But she’s got a new hat!

Both Sterne and Parikka are interested in the life and death of new media. In particular, the authors focus on illuminating the networks that exist not only in the creation and consumption of technologies, but also the disposal, decay, and reuse of these materials. Sterne notes the more recent tension between genuine progress and planned obsolescence, in that “newness” itself has come to be redefined in relation to older computers and versions instead of entirely new media. Moreover, this planned obsolescence is connected with corporately mediated concepts of hope, desire, and a lack of backward compatibility. Sterne also connects this production, consumption, and disposal with the state, as governments have an incentive to keep waste out of sight in order to preserve the idea of purity (p. 27).

It is hard to not understand this model of consumption, as we all fall prey to it. Additionally, what was once a secret aspect of corporate design is now something we engage with humorously. As the Simpsons cynically demonstrated in 1994, even the slightest modification can send people into a frenzy—something that must ring familiar to the rabid iPhone fans.

Not to pick on Apple fans (I honestly don’t care about people’s computer preferences), but The Unbreakable Kimmy Schmidt has a great joke on planned obsolescence.

This new awareness of this aspect of consumerism leads to the question of what can be done with said knowledge. As noted by Parikka, this entanglement involves:

Various layers of globalization: rare earth materials, spectacle-based industries of marketing and digital media, desires of networked connectivity, the soft issue of underpaid workers of colour risking their health, outsourcing of manufacturing to developing countries, and waste management (or more frankly, waste problems) as a (forced) part of the developing countries business models.

Focus on this network has prompted attention to sustainability. One such example of this is the ability for one to recycle one’s old phone for cash. Here, sustainability is linked with monetary gain—allowing those who recycle their phones to profit from this action.

This seems like a plan that benefits all parties; however, the real reason that companies engage in this process is because they themselves profit from the metals in the phone. Thus, as noted by Parikka, it is essential that we are critical of the discourse and actions of sustainability.

Tom Anderson was my first friend, and he was yours, too.

danah boyd’s scholarship on the sociological divisions within social media networks sparked a very serious question for me: where is Tom Anderson now? All users on Myspace began with one friend, and it was his smiling face in front of a white board. So what is he up to? Where is the “Where Are They Now?” E! special on good ol’ Tom?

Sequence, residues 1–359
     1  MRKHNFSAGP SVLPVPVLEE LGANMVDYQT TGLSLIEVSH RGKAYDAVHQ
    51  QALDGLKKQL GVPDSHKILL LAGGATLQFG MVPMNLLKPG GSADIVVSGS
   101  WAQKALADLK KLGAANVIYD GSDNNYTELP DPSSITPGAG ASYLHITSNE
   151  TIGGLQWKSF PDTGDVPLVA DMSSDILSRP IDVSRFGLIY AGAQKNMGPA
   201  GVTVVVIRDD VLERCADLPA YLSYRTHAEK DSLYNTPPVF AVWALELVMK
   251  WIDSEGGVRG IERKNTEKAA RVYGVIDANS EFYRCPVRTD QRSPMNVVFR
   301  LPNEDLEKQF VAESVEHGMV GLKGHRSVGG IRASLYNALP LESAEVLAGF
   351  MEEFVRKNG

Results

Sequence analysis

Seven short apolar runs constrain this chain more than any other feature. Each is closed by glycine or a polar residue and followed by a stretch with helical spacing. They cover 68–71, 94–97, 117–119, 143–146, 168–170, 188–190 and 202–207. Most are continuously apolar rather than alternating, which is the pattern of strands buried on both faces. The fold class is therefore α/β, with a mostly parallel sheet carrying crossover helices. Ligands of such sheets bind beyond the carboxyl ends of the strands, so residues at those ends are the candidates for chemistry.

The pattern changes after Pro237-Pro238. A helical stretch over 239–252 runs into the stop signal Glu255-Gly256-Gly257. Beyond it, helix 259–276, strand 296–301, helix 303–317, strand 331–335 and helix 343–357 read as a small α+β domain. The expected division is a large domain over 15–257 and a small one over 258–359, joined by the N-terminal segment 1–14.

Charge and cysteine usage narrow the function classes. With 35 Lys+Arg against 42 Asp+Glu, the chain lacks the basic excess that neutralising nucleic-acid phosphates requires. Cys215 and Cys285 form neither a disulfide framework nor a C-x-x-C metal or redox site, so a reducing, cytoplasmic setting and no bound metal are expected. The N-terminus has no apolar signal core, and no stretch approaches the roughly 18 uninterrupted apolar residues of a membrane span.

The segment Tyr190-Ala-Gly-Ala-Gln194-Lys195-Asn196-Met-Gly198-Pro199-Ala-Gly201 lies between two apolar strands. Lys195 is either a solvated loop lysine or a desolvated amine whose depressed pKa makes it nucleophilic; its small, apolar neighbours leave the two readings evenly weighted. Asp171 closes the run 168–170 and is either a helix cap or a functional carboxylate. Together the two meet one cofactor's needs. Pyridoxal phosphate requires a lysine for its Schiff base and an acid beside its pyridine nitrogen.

What my question is really getting at is the set of discourses, networks, events, people, etc. that contributed to Myspace’s upheaval and subsequent disappearance in its Friend-based form. Maybe more importantly, where did all the Myspacers go? If Facebook was and is a space of white flight, then where do we see non-dominant SNS-users migrating to in its place? Is this a situation of colonialism in some regards, where white users have colonized the kind of communication that once occurred on Myspace, leaving the ghetto so gentrified that it disappears? And where are the new reservations, where non-white users are creating new hush harbors of access?

Through analyses of Black Twitter and hashtags like #NDN, #AfterSeptember11, and #ImNotaCriminal, it’s clear that in the place of Myspace-as-personal-SNS, there has occurred a non-white flight away from Facebook, towards media that more fully encapsulate the experience of non-dominant identity. Moving to Galloway & Thacker, we might also take boyd’s teenage SNS selection as an issue of protocol. In boyd, Anindita says that Myspace’s appeal in part is that it is complex and flexible: “You can add music, make backgrounds and layouts, but Facebook is just plain white and that’s it.” While Myspace was in some ways a more malleable protocol that included more diverse identities from the inside and was only slightly exclusive from the outside, Facebook’s protocol in both respects was more strict and therefore more controlling.